Five Candidates Challenge Harvey Mayor in Election After Controversial Term

Harvey Mayor Eric Kellogg was accused of mismanaging city finances and failing to pay debts

Suburban Harvey Mayor Eric Kellogg faces five challengers in Tuesday's election after a term rife with controversy.

Kellogg seeks a fourth term this year, but he almost missed his chance to run for re-election, according to the Chicago Tribune. The newspaper recently uncovered millions of dollars in unpaid bills for water service from Chicago, among other fiscal mismanagement issues. He regained his spot on the ballot after finally paying off long-overdue fines.

Challenging Kellogg are Ronald Cummings, Albert Abney, Terry Brown, Anthony McCaskill and Charles Givines.

The Rev. Ronald Cummings is a former mayoral candidate and a minister who heads the nonprofit Last Call for God's Love Development Center. Cummings wants greater leadership within the Harvey Police Department and touts his role in rehabilitating young men and helping them improve their lives, according to the Tribune.

Albert Abney is a Navy veteran who has worked in the Department of Veteran Affairs for the past three years. If elected mayor, Abney would focus on demolishing or revitalizing abandoned homes, turning residential spaces into parks, installing citywide wi-fi and creating a more transparent government, according to his website.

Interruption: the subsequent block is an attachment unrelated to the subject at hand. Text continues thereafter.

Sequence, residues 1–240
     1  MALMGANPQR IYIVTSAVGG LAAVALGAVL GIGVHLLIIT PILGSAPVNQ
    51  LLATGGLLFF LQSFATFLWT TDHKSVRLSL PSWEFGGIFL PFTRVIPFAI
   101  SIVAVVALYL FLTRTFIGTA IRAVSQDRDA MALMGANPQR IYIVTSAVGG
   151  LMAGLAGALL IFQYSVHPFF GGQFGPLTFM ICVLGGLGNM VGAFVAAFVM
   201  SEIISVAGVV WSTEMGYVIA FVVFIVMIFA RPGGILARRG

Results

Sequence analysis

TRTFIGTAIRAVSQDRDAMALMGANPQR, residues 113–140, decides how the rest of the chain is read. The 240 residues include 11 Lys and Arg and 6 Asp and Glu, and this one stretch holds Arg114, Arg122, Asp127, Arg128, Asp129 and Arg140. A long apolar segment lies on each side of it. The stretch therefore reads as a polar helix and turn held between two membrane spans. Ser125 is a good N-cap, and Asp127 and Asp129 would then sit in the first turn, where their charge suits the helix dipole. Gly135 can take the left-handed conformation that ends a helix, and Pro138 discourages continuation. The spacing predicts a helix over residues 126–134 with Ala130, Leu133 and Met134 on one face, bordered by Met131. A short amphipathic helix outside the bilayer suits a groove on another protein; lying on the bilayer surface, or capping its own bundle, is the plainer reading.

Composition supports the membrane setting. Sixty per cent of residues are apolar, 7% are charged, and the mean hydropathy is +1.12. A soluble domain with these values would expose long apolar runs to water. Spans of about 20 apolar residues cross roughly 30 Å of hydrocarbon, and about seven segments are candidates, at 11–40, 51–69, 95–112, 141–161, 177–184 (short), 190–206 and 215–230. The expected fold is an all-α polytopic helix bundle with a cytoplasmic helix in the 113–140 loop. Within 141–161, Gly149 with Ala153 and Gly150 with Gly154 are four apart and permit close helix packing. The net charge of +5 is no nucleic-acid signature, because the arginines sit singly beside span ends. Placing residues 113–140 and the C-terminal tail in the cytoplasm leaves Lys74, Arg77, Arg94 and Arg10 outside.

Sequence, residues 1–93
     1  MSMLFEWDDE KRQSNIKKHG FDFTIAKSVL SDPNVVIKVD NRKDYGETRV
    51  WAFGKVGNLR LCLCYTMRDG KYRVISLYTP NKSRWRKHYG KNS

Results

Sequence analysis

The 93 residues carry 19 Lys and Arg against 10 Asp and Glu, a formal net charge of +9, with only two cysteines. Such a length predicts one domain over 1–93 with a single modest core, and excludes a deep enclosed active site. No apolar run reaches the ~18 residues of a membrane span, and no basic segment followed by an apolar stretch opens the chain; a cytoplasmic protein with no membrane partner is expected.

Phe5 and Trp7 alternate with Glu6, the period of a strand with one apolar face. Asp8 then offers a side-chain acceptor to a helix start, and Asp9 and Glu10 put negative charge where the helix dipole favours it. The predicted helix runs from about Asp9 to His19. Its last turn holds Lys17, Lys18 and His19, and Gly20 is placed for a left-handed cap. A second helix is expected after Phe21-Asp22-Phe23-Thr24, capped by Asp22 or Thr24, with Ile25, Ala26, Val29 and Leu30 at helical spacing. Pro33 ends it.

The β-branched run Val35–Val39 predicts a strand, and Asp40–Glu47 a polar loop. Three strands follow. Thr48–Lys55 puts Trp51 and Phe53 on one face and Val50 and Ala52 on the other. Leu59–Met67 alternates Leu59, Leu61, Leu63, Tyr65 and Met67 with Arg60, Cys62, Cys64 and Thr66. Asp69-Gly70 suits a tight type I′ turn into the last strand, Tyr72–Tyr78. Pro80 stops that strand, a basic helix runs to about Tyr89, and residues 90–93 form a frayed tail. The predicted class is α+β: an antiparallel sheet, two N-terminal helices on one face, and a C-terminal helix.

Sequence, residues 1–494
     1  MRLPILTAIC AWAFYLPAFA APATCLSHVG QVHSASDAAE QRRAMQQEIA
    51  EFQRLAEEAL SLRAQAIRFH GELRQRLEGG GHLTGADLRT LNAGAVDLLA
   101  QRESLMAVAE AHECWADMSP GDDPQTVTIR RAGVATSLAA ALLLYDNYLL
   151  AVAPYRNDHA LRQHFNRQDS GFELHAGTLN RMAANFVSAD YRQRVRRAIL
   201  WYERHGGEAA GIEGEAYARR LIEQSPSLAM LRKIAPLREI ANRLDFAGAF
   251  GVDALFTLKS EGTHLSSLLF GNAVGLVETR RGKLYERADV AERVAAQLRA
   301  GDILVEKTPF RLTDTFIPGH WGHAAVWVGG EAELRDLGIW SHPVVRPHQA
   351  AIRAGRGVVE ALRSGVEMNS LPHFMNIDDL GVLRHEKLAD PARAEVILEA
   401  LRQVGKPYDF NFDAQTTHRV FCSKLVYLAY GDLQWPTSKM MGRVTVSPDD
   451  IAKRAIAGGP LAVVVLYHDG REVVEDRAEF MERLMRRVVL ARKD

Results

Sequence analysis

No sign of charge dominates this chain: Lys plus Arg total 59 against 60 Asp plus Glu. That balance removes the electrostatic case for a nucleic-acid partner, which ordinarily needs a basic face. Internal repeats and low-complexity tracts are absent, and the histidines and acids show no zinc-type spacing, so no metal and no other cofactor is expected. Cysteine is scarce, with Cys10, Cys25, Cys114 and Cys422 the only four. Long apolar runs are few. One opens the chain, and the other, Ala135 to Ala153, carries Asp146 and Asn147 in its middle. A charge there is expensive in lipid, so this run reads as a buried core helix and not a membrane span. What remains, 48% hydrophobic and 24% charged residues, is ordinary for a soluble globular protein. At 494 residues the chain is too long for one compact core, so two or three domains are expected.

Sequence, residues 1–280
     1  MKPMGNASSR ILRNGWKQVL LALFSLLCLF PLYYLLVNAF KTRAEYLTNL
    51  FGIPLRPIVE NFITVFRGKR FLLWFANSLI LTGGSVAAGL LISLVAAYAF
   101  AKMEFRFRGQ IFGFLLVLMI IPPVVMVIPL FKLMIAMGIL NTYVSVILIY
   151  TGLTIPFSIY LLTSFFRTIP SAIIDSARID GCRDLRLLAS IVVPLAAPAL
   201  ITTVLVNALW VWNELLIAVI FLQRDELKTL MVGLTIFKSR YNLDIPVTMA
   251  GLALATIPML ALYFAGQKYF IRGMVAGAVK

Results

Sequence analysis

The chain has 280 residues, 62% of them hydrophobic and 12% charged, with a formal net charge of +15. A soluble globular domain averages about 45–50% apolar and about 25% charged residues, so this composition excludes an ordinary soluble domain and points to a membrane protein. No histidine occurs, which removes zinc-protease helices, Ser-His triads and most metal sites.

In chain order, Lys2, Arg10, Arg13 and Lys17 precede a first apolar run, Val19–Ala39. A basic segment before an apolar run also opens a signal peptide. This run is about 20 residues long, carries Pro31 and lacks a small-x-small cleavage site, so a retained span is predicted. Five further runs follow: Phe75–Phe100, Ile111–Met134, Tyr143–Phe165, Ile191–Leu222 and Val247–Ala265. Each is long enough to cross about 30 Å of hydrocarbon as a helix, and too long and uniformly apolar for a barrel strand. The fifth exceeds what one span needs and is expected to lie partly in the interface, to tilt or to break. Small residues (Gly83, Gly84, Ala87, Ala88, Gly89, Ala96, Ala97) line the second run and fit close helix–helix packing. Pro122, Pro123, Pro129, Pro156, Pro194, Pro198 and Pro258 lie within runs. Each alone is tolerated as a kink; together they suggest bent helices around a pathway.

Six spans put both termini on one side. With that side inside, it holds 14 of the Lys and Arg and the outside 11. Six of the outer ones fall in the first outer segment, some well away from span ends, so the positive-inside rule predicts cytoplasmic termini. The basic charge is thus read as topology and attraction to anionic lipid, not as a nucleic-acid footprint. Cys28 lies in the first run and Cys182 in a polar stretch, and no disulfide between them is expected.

A fire broke out at Abney's campaign office March 13, which fire officials deemed suspicious. The mayoral candidate said his office had also been vandalized the day before and some campaign posters defaced with spray paint.

Terry Brown is a first-time mayoral candidate who ran an unsuccessful campaign for 3rd ward alderman in 2011. Brown does not have a campaign website, and little information is available about his platform.

Anthony McCaskill, the executive director of the nonprofit Human Development Center, challenged Kellogg in 2007 as well, but he fell drastically short of a victory. McCaskill's background includes a stint with Americorps and nonprofit work dealing with seniors and youth in Cook County. If elected mayor, he would work on strengthening law enforcement, improving fiscal responsibility and providing job opportunities for people of all skill levels, according to his website.

Charles Givines, who goes by "Chuck," is a U.S. Army veteran, local businessman, retired police officer and community activist. He also challenged Kellogg in 2011. As mayor, Givines said he would focus first and foremost on the Police Department and enforce community policing.

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